Centenary has also established a study abroad program with the University of West England-Hartpury College, of which five students are currently enrolled. Hartpury is more equine science-based, housing exciting “toys” such as an operating theater and an aqua treadmill.

Opportunities Abound

Started in the late ’60s, Centenary’s equine studies major incorporates riding opportunities into the curriculum, according to the concentration chosen. Students participate in riding classes twice per week, with IDA and IHSA team practices held on Friday.

“We’re IHSA not NCAA. NCAA doesn’t work for us because we’re trying to make students into professionals and give them all the opportunities that would lose their NCAA status,” said Wells. “Plus, we’re Division III, so it really doesn’t make sense for us.”

Their IHSA team, started in 1973, is composed of nearly 80 riders, approximately 40 of which show regularly. They hold a record 16 regional championship titles for Zone 2, Region 1 and are consistently in the top three at nationals.

“I can’t tell you how many times we’ve won that yellow ribbon!” said Wells, who left her private professional business in 1995 to work at Centenary. “We have a really competent faculty base [of R- and r-rated judges and R-rated stewards], so it helps that we’re able to bring back the right information. We’re out there in the industry and can bring that back to the classroom.”

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The college also has a club-level eques-trian team, which competes in local one-day shows as well as one or two A-rated shows each year, such as nearby Garden State, which is also a volunteer opportunity for many students and faculty.

“I saw how well they consistently did [at regular shows as well as regional and nationals championships] and began to realize this could really be a place for me,” said Randi Cashman, a freshman, whose parents have coached the United States Military Academy’s IHSA team for 20 years.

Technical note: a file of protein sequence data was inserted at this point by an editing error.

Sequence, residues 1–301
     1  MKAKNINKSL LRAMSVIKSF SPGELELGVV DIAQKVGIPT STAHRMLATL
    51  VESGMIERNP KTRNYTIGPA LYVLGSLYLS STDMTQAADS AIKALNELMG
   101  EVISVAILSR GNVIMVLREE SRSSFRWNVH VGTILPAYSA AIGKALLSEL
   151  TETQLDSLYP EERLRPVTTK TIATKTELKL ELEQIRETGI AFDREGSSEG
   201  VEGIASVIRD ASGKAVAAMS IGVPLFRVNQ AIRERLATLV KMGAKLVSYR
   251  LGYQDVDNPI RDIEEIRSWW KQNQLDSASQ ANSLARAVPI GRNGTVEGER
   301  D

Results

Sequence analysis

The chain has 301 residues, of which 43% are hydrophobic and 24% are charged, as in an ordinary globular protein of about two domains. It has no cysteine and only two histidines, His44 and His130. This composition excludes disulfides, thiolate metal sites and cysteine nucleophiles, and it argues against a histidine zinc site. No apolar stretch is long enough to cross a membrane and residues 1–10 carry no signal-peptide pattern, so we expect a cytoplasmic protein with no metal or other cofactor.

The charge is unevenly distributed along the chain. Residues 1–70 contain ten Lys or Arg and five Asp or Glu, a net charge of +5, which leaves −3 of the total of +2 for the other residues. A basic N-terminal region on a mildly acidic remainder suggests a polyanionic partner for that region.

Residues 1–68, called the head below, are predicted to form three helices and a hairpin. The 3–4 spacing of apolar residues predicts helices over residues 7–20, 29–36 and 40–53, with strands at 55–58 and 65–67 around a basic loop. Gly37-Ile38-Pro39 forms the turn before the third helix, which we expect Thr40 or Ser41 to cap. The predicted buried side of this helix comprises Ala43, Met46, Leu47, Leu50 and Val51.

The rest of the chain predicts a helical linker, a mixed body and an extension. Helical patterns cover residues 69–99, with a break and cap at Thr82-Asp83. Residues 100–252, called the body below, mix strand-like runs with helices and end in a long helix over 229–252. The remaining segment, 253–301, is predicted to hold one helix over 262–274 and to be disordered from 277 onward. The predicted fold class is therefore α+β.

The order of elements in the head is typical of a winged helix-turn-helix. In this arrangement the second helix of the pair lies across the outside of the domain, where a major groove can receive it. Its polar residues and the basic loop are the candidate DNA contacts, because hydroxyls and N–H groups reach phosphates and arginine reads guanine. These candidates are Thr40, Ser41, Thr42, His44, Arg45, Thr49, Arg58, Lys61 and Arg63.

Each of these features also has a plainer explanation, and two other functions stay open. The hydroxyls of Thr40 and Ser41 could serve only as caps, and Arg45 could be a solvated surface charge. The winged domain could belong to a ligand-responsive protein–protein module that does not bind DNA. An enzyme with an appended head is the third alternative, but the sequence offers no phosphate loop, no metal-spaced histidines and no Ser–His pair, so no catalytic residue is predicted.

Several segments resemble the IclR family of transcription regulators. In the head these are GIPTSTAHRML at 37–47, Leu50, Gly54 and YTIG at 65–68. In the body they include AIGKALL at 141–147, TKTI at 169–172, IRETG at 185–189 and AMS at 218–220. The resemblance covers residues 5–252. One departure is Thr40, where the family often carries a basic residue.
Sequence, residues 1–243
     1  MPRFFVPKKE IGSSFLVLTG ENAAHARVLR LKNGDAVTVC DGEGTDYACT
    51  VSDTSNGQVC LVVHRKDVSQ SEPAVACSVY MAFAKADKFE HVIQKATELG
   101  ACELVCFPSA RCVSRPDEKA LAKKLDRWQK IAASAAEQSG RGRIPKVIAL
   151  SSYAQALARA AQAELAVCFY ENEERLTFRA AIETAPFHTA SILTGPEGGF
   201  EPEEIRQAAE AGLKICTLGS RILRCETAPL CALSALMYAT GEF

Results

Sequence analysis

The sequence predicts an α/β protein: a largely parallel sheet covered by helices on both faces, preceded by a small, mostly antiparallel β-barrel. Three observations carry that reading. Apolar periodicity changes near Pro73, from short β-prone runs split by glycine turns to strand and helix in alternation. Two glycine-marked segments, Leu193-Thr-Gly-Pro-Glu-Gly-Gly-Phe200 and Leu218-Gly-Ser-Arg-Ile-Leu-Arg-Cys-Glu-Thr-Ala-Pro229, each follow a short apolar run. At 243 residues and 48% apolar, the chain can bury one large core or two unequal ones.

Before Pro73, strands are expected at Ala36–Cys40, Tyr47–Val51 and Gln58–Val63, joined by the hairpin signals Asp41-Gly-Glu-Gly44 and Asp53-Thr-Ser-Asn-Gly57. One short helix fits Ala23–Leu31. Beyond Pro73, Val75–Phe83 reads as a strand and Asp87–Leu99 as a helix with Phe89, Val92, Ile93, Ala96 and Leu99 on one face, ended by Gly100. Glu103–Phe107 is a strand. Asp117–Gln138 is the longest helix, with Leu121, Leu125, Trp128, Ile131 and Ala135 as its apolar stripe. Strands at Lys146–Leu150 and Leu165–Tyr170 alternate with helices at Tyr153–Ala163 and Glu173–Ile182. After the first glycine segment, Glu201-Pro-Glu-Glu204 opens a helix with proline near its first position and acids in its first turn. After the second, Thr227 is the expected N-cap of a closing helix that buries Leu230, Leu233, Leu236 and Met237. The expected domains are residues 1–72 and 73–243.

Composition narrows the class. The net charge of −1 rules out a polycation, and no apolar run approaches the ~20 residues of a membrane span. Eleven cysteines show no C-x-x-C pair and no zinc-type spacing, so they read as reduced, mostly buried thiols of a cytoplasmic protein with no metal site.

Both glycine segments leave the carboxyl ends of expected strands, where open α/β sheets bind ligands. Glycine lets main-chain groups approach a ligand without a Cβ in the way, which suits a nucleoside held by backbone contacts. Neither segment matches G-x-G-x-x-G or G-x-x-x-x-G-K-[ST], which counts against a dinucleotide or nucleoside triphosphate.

“A really big part of my decision was the coaching staff, especially the head coach, Andrea Wells. I have known Andrea for many years, but when I got to the age of realizing how much a good coach makes the difference in your riding, I realized that Andrea was going to be just what I needed to bring me to the next level.”

There is some boarding on the property for students’ horses, but it’s not a practice that’s encouraged for most people.

“Sometimes it’s harder to get horses in than the students—they have to apply as well,” said Wells. “We don’t want them to limit themselves to one horse because we have such nice horses here. It’s great for them to have access to multiple horses, and we want them to have that experience.”

Centenary graduate Kelly Balk is one student who took advantage of the many educational opportunities, which paid off after graduation.

“I looked into seven equestrian schools and applied to a few, but I kept coming back to Centenary College. The barn was enormous and beautiful, as were their over 100 horses,” she said. “The campus was small and personal, and the intercollegiate hunt seat team was nationally ranked and well-known. I felt I could be at home there as well as fill in the many gaps in my education.

“Through the people I know from Centenary, I now live with my best friend from college and work as an assistant trainer in a growing competitive A-circuit barn in Southern California, riding up to eight or 10 horses a day, teaching lessons and coaching at horse shows,” she continued. “Going into college I was intimidated and overwhelmed, but coming out I feel confident and prepared. I can answer almost every question our clients ask, I understand and work with the veterinarians easily, and if a situation arises I’m not completely sure of, I have a slew of people I can call for advice, though my instincts have become very good from my experience.”

Opportunities for experience truly abound at Centenary, particularly now. “It’s a crazy year,” admitted Wells. “But I think our students are really going to benefit from it. It will help them be prepared for whatever lies in store.”

Stacey Reap